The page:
Southeast Missouri State University student publication

Jose Alpizar leaving a mark at Southeast

Saturday, May 12, 2018
Jose Alpizar performing in “A Chorus Line.”
Photo submitted by Jose Alpizar

If you’ve been to a musical at River Campus in the last four years, odds are you’ve watched Jose Alpizar perform.

The senior musical theatre major, who is graduating Saturday, has a staggering list of credits, both collegiate and professional. Most recently Alpizar played the role of Bert in the record-breaking production of “Mary Poppins” at River Campus.

Alpizar hasn’t always been a dancer, but discovered this hidden talent as he progressed with his involvement in theater. His lessons have gone beyond the classroom and stage, as Alpizar has had to overcome an injury that threatened to derail his final year at Southeast.

Alpizar’s journey began in San Jose, Costa Rica, where he was born, before moving to New Jersey at 8 months old. From there, his family relocated to Collierville, Tennessee, when he was 4.

As he grew up, Alpizar dreamed of being a doctor. This dream changed when he took on the small role of a gravedigger in “Frankenstein” during his sophomore year of high school. With this experience, Alpizar found a family within his drama department.

Alpizar continued doing plays throughout high school, where he learned he had a great singing voice, and a deep desire for storytelling.

The cast of “The Addams Family.”
Photo submitted by Jose Alpizar

“I like the idea of telling the stories of people that aren’t me,” Alpizar said. “Theater is awesome because you open different realms, and force people to have new conversations about stuff.”

At Southeast, Alpizar was thrown straight into a challenging role with Macduff in “Macbeth.” Following this he played the role of a Priest in “The King and I.”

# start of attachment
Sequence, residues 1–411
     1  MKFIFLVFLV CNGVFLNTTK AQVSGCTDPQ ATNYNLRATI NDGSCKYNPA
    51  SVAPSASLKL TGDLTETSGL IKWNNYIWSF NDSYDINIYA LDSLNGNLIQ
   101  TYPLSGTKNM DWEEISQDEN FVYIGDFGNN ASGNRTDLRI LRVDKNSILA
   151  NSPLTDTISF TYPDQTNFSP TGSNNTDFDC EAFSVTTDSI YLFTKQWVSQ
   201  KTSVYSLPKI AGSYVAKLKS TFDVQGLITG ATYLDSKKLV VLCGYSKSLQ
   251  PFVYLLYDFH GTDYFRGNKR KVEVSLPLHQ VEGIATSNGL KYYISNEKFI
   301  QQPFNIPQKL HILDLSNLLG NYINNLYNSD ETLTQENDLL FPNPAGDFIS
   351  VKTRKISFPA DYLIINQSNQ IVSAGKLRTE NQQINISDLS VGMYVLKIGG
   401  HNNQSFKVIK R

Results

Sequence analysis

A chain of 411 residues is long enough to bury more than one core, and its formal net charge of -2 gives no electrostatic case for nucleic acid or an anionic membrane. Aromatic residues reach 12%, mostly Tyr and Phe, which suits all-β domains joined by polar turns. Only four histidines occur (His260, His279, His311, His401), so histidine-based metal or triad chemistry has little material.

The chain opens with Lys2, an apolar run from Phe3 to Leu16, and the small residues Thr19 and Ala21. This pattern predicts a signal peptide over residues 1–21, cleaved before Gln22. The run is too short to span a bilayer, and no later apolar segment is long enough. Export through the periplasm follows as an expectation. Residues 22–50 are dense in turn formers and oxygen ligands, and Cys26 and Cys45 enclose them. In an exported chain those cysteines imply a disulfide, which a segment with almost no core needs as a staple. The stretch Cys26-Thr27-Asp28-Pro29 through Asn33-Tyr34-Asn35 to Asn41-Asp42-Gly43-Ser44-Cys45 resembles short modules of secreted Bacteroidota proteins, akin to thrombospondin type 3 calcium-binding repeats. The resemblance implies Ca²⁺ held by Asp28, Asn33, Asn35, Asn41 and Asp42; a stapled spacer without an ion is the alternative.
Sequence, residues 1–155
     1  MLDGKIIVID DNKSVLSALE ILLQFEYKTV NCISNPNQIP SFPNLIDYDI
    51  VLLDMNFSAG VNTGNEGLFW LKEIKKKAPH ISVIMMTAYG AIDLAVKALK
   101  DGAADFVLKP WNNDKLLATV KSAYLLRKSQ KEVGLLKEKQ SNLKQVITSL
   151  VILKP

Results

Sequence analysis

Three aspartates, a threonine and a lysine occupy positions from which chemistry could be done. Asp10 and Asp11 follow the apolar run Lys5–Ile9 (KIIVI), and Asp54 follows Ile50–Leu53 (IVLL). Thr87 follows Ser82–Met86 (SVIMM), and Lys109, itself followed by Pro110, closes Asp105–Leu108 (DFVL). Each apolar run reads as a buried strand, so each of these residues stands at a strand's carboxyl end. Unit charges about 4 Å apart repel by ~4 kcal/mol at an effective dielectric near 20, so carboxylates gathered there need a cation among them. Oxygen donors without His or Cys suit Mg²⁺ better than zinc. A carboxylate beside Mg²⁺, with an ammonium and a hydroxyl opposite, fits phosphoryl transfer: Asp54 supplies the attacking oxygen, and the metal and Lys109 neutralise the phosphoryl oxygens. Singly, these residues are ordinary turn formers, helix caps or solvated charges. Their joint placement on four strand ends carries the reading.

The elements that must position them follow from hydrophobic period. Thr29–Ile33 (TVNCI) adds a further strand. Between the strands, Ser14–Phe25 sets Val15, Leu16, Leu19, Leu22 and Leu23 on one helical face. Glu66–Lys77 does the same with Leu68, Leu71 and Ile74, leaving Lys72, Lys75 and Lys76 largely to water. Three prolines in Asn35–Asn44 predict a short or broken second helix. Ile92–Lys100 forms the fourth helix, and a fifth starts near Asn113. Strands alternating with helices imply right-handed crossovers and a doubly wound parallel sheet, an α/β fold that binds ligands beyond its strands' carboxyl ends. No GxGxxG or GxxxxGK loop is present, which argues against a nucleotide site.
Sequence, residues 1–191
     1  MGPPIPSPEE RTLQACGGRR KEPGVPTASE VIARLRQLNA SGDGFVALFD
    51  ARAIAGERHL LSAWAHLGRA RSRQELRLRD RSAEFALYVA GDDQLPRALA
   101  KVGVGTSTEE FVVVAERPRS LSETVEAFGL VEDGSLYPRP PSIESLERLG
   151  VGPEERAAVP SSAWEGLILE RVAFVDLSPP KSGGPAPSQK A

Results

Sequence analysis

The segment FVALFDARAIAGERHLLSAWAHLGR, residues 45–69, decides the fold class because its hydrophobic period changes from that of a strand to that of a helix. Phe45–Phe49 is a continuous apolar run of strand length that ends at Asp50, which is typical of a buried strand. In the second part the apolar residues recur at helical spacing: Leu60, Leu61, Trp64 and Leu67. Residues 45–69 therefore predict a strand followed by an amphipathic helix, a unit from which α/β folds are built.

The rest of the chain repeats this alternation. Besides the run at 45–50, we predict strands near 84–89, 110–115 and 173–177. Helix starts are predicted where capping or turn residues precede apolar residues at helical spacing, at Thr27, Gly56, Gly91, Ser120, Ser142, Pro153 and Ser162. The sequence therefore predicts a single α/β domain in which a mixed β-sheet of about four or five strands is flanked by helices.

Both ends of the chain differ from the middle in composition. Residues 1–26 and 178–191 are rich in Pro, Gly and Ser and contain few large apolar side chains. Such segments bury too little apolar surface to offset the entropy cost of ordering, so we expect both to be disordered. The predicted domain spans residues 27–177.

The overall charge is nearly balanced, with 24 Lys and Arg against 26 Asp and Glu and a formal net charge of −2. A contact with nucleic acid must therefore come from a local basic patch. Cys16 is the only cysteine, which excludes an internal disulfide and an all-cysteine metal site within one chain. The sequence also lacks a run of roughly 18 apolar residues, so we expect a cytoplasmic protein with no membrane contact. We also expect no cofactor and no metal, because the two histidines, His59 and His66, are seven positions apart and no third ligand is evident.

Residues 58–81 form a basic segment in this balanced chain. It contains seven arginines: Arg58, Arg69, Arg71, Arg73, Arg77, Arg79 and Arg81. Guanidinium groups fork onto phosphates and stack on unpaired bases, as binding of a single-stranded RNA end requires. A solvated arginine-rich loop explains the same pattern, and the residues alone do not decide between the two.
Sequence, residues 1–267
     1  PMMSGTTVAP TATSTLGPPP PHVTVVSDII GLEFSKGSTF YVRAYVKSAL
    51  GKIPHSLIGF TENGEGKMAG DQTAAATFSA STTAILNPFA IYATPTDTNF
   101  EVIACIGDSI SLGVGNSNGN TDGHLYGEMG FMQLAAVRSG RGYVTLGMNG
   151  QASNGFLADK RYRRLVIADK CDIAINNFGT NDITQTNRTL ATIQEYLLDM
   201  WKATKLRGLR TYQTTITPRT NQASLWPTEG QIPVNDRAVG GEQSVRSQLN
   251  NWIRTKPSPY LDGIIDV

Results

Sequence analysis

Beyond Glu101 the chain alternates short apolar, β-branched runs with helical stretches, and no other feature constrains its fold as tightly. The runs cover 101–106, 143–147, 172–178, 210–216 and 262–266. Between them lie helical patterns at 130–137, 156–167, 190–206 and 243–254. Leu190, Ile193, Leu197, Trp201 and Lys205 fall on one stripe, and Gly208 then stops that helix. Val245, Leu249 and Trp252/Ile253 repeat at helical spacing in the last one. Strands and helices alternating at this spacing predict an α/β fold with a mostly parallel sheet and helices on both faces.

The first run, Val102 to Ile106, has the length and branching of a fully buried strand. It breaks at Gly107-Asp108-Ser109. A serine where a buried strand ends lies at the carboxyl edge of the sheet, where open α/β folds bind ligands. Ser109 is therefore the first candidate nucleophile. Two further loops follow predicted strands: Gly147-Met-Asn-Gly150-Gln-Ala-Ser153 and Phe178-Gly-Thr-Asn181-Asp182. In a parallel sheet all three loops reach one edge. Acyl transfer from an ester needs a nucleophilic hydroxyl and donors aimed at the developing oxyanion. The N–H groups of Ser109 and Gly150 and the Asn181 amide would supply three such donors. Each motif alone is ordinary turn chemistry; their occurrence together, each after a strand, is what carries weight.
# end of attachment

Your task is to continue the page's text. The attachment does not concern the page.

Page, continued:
These roles led Alpizar to believe that he would be a singer-actor, and not have to focus on dance. This changed when he was cast as Gomez Addams in “The Addams Family,” where he had to perform a sensual tango near the end of the play.

Jose Alpizar and Abigail Alsmeyer in “Mary Poppins.”
Photo submitted by Jose Alpizar

This role opened the door to a new storytelling tool called dance.

“I had to learn how to not only tell a story through acting, and my song, but also through physical movement,” Alpizar said.

Alpizar took his new storytelling tool into his next role of Ozzie in “On The Town,” a historically dance-heavy show.

After “On The Town” Alpizar was offered to take a summer ballet intensive in Michigan with dance professor Alyssa Alger. It was there Alpizar had truly solidified his dance technique, and set his mind on becoming a performing triple-threat.

“Taking advantage of things yourself, and grabbing it by the horns, and making opportunities to see how you can continuously better yourself throughout the four years has always been really important to me,” Alpizar said.

When Alpizar came back for his junior year he was playing Greg Gardner in “A Chorus Line,” the famous musical centered around a dance-call for a Broadway musical. It strengthened Alpizar’s dance skills, and led him to performing in the main stage “Spring into Dance” production the following semester.

Journey Through Injury

Alpizar has had a large part in the workshopping of the Southeast original musical “An American Hero.” He played the lead role of Thomas O’Brien in both staged readings, played in the ensemble during the New York staged reading of the show, and was cast in the lead role again heading into fall of his senior year.

In preparation for the first official production of “An American Hero,” Alpizar read extensively on the topic of World War II and was overjoyed to finally bring the role he originated in workshop productions to the stage.

Around two weeks before the opening night of the show Alpizar had an accident at a trampoline park, breaking his left ankle in two places. He had to have surgery, and dropped out of the show.